DUBLIN, Ireland: An Irish Republican Army member who killed a police officer walked free on parole from prison Monday, rekindling memories of one of the IRA's most bitterly disputed slayings.
Jeremiah Sheehy, 54, was the second member of an IRA unit to win parole after its killing of Detective Jerry McCabe 12 years ago — a rare event in the Republic of Ireland that inflamed public opinion against the outlawed group.
An accomplice was paroled last year, and two others are expected to be paroled in 2009. They are the final imprisoned members of the Provisional IRA, the dominant IRA faction, which called a cease-fire in 1997 and disarmed in 2005, formally abandoning a failed, decades-old campaign to overthrow Northern Ireland.
All other Provisional IRA convicts received early paroles by 2000 under terms of Northern Ireland's Good Friday peace accord. But the Irish government refused to grant the same benefit to the four men convicted of the McCabe killing, citing its exceptional circumstances.
The IRA forbade its members to shoot security forces in the Republic of Ireland, because the underground organization sought to use the independent south as a safe haven for attacks on the neighboring British territory of Northern Ireland. However, IRA gunmen did regularly rob banks and cash shipments in the Irish Republic.
McCabe, 52, was one of two armed police officers guarding a postal van that contained about $150,000 in the village of Adare in June 1996. The van was delivering money to rural post offices for distribution to state welfare recipients.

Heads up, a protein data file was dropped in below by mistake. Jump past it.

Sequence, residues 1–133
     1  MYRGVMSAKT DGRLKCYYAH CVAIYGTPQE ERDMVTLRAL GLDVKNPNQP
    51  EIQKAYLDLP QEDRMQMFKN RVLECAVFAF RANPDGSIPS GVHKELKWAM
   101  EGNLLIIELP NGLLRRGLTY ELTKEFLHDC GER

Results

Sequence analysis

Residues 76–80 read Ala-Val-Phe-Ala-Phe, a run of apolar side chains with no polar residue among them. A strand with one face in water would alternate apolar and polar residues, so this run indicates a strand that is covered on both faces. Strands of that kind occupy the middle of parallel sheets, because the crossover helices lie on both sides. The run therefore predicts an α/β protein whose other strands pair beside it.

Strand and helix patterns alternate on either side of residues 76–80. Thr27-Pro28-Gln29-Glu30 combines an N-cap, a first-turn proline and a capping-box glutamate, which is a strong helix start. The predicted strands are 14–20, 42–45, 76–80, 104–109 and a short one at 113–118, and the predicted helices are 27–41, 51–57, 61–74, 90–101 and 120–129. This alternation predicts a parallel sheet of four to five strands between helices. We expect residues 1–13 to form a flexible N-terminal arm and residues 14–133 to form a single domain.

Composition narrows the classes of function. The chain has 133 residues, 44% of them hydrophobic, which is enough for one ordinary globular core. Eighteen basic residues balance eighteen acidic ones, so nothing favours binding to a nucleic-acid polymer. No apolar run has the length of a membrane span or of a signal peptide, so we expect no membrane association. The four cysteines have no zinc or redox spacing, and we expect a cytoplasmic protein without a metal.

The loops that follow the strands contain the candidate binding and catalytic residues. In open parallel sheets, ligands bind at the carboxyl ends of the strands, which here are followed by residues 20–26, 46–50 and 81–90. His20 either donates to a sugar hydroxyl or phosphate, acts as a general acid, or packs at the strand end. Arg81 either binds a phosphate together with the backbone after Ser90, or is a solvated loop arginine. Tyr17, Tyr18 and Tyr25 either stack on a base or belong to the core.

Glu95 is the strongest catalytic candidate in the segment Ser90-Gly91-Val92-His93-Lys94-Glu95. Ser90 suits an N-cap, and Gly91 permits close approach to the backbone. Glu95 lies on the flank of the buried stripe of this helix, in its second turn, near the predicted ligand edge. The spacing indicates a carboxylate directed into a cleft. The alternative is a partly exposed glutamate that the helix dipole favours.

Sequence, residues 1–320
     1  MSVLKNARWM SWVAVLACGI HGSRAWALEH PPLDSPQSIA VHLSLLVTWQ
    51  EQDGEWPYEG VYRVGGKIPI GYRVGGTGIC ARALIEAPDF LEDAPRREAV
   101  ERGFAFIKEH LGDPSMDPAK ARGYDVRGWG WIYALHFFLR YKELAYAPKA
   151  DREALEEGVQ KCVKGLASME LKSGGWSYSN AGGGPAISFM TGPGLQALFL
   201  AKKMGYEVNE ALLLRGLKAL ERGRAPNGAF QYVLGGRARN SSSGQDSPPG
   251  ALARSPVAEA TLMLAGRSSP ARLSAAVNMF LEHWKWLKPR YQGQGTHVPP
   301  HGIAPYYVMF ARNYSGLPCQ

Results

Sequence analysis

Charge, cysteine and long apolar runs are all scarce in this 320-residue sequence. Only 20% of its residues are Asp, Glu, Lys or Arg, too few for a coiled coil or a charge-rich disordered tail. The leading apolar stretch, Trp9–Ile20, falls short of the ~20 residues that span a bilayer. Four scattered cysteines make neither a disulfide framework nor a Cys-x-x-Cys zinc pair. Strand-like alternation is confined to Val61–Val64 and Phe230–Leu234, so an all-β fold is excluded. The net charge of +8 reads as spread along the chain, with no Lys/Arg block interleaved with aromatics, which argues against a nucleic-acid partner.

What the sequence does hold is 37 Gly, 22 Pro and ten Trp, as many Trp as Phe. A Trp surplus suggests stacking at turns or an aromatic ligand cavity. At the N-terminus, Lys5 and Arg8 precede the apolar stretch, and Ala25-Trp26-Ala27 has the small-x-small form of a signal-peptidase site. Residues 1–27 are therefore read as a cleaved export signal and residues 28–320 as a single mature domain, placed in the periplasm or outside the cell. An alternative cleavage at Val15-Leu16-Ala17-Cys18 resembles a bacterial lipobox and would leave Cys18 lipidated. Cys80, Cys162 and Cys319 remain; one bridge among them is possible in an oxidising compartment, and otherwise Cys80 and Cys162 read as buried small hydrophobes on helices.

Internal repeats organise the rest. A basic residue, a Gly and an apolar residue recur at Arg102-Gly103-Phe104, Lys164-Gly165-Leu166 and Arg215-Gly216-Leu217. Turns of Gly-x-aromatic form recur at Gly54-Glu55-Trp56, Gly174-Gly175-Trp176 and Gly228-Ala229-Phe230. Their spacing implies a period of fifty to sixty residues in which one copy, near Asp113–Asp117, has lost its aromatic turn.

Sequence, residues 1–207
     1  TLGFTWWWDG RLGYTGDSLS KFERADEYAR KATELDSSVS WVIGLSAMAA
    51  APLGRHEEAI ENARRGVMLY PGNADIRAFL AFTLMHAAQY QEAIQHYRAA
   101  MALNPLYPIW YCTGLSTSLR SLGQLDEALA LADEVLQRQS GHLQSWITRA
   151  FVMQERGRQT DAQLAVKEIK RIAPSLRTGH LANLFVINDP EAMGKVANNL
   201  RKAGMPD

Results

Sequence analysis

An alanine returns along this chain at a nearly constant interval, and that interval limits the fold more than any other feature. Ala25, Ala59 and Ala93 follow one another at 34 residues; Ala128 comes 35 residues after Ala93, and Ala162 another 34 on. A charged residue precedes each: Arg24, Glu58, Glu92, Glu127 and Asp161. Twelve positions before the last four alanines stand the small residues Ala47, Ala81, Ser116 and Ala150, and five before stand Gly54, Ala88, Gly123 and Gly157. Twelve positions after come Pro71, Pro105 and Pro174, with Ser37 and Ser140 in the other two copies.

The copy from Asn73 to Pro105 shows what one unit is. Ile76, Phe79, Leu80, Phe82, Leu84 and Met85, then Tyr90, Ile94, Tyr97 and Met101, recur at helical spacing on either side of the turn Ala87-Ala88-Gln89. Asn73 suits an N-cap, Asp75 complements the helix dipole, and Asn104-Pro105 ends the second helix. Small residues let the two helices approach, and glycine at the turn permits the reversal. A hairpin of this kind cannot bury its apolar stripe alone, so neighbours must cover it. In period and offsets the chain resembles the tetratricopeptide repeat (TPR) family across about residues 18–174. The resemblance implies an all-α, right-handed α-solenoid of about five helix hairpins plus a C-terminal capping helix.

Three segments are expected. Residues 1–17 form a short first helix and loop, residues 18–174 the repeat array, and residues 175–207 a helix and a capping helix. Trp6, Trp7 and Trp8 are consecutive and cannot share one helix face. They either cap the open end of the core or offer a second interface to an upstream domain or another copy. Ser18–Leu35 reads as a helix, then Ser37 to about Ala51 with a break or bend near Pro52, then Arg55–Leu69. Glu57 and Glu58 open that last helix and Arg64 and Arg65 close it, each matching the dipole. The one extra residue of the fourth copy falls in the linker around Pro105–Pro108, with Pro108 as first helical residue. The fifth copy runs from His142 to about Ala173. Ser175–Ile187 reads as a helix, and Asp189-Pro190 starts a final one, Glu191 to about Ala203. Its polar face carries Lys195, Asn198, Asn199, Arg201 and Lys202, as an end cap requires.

Witnesses said the IRA unit rammed the officers' car from behind, then fired assault rifles point-blank at the two officers, who were unable to reach either their weapons. The IRA members fled in a second vehicle without taking any money.
During the four men's 1999 murder trial, two key witnesses — one who housed armed IRA men at his home the night before the attack, the other who permitted the gang to use his home afterward — withdrew their testimony, citing fears of attack.
State prosecutors, who had been seeking minimum 40-year sentences but needed the witnesses to testify, negotiated a plea-bargain manslaughter deal that stunned and angered much of Ireland.
Sinn Fein, the IRA-linked political party, campaigned in vain for years to win early paroles for the McCabe killers. They argued that the men should qualify for the prisoner amnesty contained in the Good Friday pact, but the Irish government rejected this, arguing that the IRA initially denied any involvement in the 1996 attack.Sheehy and a fellow prisoner unsuccessfully sued the government. The Irish Supreme Court in 2006 upheld the government's right to make the men serve their sentences under usual rules